[Ip-health] Merck stops cancer drug supply to Greek hospitals

Riaz K Tayob riaz.tayob at gmail.com
Mon Nov 5 13:26:40 PST 2012

[Welcome to Africa?]

Merck stops cancer drug supply to Greek hospitals

Today @ 09:28

BRUSSELS - German drug company Merck has halted life-saving cancer drug 
shipments to Greek public hospitals.


The pharmaceutical industry says it has contributed billions to 
crisis-hit EU countries (Photo: www.freeimages.co.uk)

Its chief financial officer, Matthias Zachert told German paper 
Boersen-Zeitung on Saturday (3 November) that the crisis-struck country 
has not paid its bills.\"It only affects Greece, where we have been 
faced with many problems. It's just the one product," he said.

Reuters reports that the cancer-fighting drug is called Erbitux. While 
the medication will no longer be available at public hospitals, Greeks 
can still purchase it directly from pharmacies.

The drug fights colorectal cancer and head and neck cancer and is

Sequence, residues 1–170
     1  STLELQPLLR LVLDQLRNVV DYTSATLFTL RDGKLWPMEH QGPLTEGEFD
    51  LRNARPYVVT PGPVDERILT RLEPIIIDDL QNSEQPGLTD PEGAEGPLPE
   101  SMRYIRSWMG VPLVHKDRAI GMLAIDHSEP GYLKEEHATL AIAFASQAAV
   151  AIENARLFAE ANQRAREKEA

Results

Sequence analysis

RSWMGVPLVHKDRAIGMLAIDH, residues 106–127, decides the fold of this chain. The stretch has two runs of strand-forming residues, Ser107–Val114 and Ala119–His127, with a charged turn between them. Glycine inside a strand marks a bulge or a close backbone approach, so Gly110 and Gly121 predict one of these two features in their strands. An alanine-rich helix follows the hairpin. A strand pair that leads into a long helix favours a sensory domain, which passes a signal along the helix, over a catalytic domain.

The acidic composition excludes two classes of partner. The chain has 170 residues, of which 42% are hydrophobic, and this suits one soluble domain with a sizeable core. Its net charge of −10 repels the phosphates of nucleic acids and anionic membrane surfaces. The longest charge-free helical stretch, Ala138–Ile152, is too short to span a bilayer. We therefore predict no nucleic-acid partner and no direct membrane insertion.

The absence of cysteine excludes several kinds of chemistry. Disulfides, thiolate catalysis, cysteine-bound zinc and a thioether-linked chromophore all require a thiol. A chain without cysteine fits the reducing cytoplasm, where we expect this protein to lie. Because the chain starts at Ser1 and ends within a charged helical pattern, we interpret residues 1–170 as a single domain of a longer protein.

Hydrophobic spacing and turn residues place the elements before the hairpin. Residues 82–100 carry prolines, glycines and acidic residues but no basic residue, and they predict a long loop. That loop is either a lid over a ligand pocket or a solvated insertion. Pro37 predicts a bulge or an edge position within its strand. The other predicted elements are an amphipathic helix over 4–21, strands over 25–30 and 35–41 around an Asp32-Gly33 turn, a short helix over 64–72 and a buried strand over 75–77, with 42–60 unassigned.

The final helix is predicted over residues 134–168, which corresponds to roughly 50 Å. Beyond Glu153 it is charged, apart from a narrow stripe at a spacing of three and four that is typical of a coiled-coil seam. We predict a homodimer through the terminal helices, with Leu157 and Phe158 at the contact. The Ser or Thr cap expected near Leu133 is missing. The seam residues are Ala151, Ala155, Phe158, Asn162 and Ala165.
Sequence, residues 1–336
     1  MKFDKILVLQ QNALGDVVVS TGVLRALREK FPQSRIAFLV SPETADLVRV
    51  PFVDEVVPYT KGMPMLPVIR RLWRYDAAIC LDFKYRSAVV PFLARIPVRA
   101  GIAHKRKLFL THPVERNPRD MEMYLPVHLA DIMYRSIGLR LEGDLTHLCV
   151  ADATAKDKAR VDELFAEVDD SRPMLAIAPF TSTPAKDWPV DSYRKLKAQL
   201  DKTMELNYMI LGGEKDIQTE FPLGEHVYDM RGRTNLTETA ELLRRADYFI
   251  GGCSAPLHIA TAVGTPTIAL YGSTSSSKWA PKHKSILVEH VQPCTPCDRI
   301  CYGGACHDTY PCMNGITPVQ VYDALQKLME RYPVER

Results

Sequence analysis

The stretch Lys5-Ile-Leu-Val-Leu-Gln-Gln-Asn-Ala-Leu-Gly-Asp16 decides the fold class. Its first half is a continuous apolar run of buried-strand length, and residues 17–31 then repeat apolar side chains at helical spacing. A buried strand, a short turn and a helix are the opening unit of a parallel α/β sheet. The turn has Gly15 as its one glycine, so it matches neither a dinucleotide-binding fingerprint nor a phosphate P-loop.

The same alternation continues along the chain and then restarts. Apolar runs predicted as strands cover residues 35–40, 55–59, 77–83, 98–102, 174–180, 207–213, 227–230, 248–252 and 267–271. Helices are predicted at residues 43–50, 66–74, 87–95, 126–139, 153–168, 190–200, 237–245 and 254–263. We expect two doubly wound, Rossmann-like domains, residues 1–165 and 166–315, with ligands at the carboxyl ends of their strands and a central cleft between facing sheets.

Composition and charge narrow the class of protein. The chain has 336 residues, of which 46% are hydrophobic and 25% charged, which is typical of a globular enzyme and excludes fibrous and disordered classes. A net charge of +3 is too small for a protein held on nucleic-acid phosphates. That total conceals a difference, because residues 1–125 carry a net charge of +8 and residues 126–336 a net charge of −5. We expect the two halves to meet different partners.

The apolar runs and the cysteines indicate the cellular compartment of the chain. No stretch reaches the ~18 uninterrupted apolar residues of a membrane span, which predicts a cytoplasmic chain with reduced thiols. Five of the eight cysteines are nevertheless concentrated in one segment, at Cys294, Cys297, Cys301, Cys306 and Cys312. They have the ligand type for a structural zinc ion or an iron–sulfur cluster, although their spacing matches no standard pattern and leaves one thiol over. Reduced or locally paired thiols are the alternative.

Merck's second best-selling product. In 2011, it generated some €855 
million in profits.

The Merck Group reported total revenue €2.8 billion in the second 
quarter of 2012, an 11.6 percent increase on quarter two last year.

An report in August by GlobalData, a market intelligence analysis group, 
said that pharmacies in Greece have dropped prices so that cash-strapped 
citizens can pay for them.

It added that the cheaper drugs have created a "lucrative export carry 
trade" for Greeks re-selling them over the border.

For its part, the European Federation of Pharmaceutical Industries 
(Efpia), a Brussels-based trade body, on Sunday sent a letter to the 
Greek government with a plan to maintain drug supplies in light of its 
near-empty state coffers.

Efpia's text - seen by Reuters - says international drug companies would 
be willing to ship supplies to Greece if the government caps outpatient 
pharmaceutical expenditure at €2.9 billion in 2012.

The news agency says Efpia wants the Greek government to pay off its 
overdue bills and maintain a balanced sheet.

"Setting a growth cap or budget ceiling is not something we have ever 
liked to do in the past, but in the current environment it is better to 
do that and have some stability," Richard Bergstrom, Efpia's director 
general, told Reuters.

Efpia says Europe's pharmaceutical industry has contributed some €7 
billion in the form of rebates and discounts between 2010 and 2011 to 
Greece, Ireland, Italy, Portugal and Spain.

The figure represents around 8 percent of the industry's annual turnover 
in those markets.

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